Murray Voth: Why we can’t go back to the old days

by | Aug 22, 2019 | 1 comment

You can be in the commoditized price-based market, or you can be in the value-added service-based market. I don’t believe you can combine the two well, or even at all.  Our industry spiralled into the commoditized price-based model very early in its inception, and it is an uphill battle to do business in any other model.

Here is a highly edited quote from a shop posting a comment online, that triggered this article.

“We have been in business for just over 20 years, and it is declining. Our service is excellent, but we are unable to compete with market changes like online shopping. We cannot compete with online sites like Amazon and Rock Auto. Our purchase prices on parts are higher than these retailers sell them for.

“The jobbers I buy from now have online sites and direct their and my customers to those sites. For example, a new starter for a particular vehicle at Amazon, including taxes, is $97. My cost at the jobber is $200, and then we need to mark it up to make a profit. We can’t survive on only labour. Our labour rate is $90. If we raise it, nobody will come to our shop. So why do I pay these high prices at the jobber when my customers can buy them cheaper elsewhere? I’d like to buy direct from the jobber again at wholesale prices like 30 years ago, without any sales to the public at lower prices. Everything is priced to the consumer right now; I don’t know how we can compete with that.”

This is a huge topic, and the reason our industry is where it is would take too long for this article. But I am going to come at this from the simple point of view of chickens and eggs. There are people who own chickens that produce eggs for free. The chickens peck around the yard, and voila, there is an egg in the nest in the morning. Most of us buy our eggs at the grocery store: $3.99 a dozen for everyday large eggs, all the way up to $9.99 a dozen for cage free, free range, organic eggs. In turn, when we go out for breakfast, we pay much more for eggs. A two-egg breakfast at a diner can run around $9.99, which usually includes bacon and toast. You can go out for brunch and pay $26.99 for eggs benedict at a fancy restaurant.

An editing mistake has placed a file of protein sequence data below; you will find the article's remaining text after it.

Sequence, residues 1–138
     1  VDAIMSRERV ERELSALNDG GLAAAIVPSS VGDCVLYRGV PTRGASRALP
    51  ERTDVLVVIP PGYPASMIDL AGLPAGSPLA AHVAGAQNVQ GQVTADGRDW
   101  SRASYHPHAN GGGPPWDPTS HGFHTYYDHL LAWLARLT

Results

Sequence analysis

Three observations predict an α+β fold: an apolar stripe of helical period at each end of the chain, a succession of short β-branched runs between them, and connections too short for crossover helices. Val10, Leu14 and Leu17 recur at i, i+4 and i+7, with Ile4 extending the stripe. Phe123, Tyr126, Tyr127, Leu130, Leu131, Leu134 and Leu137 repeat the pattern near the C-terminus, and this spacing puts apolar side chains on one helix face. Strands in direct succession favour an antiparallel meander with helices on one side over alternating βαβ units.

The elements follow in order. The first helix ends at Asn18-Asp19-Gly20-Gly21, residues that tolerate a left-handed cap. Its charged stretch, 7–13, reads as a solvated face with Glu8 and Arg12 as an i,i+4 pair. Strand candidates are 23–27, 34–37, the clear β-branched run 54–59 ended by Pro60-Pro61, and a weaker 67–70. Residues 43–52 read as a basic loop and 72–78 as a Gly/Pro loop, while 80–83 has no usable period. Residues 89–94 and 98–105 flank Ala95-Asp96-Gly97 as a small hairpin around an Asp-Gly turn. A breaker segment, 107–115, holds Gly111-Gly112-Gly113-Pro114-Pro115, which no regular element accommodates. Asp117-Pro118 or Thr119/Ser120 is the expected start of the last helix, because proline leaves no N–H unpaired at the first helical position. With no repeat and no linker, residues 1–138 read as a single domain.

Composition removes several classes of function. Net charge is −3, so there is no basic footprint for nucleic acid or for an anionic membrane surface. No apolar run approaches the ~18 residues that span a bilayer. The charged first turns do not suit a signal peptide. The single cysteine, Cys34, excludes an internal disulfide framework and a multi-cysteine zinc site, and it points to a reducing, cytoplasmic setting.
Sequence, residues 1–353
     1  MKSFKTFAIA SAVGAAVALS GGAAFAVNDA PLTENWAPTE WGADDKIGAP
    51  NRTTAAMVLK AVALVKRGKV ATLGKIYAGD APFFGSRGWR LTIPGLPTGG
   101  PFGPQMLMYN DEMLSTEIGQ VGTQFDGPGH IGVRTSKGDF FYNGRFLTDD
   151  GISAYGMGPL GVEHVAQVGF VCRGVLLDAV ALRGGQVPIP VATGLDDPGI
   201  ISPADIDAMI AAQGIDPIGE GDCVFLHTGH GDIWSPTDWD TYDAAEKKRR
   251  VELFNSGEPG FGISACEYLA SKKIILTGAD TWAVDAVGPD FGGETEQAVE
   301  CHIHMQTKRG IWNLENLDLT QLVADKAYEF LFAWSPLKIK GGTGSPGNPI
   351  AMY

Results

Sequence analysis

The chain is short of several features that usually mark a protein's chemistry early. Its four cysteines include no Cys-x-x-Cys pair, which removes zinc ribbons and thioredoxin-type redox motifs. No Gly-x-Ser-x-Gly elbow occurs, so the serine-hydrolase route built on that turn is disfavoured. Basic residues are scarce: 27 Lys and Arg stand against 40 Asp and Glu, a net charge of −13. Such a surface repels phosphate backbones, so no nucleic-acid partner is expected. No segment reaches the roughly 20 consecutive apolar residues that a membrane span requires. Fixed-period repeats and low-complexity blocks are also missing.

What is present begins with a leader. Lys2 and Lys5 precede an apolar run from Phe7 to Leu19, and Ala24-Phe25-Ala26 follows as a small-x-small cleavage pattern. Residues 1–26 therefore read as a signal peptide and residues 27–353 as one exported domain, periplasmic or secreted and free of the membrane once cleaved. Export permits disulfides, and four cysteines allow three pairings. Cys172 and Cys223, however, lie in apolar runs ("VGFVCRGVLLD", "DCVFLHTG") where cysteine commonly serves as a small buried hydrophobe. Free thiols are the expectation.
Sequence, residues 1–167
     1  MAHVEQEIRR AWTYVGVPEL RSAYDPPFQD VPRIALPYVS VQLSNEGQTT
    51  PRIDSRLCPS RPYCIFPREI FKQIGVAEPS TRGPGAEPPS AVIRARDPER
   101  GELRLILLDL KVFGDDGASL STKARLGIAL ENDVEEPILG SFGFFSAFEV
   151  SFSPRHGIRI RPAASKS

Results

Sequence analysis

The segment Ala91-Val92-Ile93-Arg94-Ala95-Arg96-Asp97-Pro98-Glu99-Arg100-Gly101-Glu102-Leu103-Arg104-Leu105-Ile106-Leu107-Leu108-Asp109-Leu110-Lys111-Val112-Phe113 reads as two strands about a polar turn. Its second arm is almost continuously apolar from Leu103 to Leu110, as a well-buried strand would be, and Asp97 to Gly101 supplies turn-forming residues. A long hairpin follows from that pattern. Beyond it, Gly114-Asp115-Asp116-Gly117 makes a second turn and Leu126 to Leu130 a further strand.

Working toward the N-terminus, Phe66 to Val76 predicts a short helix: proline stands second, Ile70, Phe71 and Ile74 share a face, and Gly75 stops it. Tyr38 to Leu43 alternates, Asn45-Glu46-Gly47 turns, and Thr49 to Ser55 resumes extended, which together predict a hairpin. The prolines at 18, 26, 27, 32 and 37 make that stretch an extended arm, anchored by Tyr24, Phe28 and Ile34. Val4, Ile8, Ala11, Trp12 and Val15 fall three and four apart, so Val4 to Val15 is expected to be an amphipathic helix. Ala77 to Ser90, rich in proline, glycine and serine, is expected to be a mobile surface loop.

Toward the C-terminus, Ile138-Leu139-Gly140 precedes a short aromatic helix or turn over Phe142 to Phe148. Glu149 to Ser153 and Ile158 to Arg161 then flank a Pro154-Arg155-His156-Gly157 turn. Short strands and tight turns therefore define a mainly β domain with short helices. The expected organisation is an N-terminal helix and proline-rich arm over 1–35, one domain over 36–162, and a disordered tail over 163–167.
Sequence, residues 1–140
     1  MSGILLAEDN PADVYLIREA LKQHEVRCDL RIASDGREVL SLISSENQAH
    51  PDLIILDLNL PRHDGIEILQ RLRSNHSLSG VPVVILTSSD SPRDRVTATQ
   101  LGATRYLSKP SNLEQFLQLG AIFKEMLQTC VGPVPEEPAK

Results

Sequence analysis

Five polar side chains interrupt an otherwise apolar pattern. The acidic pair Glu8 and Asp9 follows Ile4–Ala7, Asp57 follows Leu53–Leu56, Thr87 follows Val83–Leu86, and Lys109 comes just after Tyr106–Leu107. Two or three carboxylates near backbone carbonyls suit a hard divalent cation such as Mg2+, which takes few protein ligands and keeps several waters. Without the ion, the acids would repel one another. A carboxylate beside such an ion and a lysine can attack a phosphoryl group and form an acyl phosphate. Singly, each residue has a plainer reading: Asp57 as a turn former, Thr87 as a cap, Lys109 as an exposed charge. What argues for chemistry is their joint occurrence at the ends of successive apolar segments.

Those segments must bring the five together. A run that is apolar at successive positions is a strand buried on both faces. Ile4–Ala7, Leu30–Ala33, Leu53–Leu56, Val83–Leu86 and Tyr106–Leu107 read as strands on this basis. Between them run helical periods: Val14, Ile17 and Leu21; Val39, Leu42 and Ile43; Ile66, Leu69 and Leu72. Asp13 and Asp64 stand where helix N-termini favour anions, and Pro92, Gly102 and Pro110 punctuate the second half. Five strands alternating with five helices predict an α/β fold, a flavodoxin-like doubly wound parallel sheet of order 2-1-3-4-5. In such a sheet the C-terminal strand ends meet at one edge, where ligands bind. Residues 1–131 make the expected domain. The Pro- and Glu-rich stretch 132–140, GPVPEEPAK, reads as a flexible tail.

My point here is that you never hear restaurants complaining that people own chickens and get free eggs, and that some people fry their own eggs at home that they bought from the same store that the restaurant bought their eggs at. Restaurants are a Do-It-For-Me service that provides everything in a particular meal for a particular price.

Restaurants know that most of their guests know how to cook a couple of eggs, but they don’t offer a discount because of that. And most guests know better than to bring their own eggs to a restaurant. Restaurants have been dealing with the equivalent of Amazon ever since they have been in existence. What restaurants have figured out is that there are lots of customers looking to pay them for a meal.

Why would I pay someone to cook for me when I could do it myself?

  1. I don’t know how to cook.
  2. I don’t have time to cook.
  3. I don’t want to cook.
  4. I am travelling, I don’t have the facility to cook.
  5. I hate doing dishes.
  6. I want to be served for a change instead of always serving.
  7. Last time I cooked my family got sick.
  8. I want to go out for a special occasion.
  9. I love trying new dishes that I don’t have time to learn how to cook.
  10. I can’t find certain ingredients, but the restaurant does and the only way I get to try them is to pay them to cook for me.

By thinking we have to compete with over-the-counter or online, Do-It-Yourself parts pricing, we have created confusion in the mind of the consumer about which type of business we are in. Our industry has been trying to serve both the Do-It-For-Me market and the Do-It-Yourself market at the same time for decades. The DIFM market in general is a value- and service-based market, and the DIY market is a price- and commodity-based market. Choose, this day, whom you will serve!

How many people who own cars

  1. Don’t know how to work on their own car,
  2. Have time to work on their own car,
  3. Don’t want to work on their own car,
  4. Don’t have the tools, equipment and knowledge to work on their own car,
  5. Hate working on cars,
  6. Are busy doing their job and want someone else to do it for them,
  7. Wrecked their car the last time they worked on it,
  8. Like the experience of being looked after by a professional shop,
  9. Have not kept up with technology and don’t know how to work on a modern car,
  10. Have a special vehicle that they don’t trust themselves to work on?

The DIFM market in North America is between 75% and 90%, depending on the report and what definitions are used. That is a huge opportunity for automotive shops not to worry about online parts pricing.

Don’t get me wrong, I know this is affecting even the best shops to a small extent, but let’s focus on what we can control rather than what we cannot control. We can control the type of client we attract to our shop, and how well we serve them. Imagine a client who never questions the price of parts, and never says, “I can get it cheaper online.”

I bet at least 75% of your clients are like that. You only remember the ones that questioned you. And if more than 25% of your customers are questioning your parts prices, you have advertised that you are in the commodity- and price-based market.

1 Comment

  1. Renfrew Auto service

    hi murry earl here

    your bang on as usual


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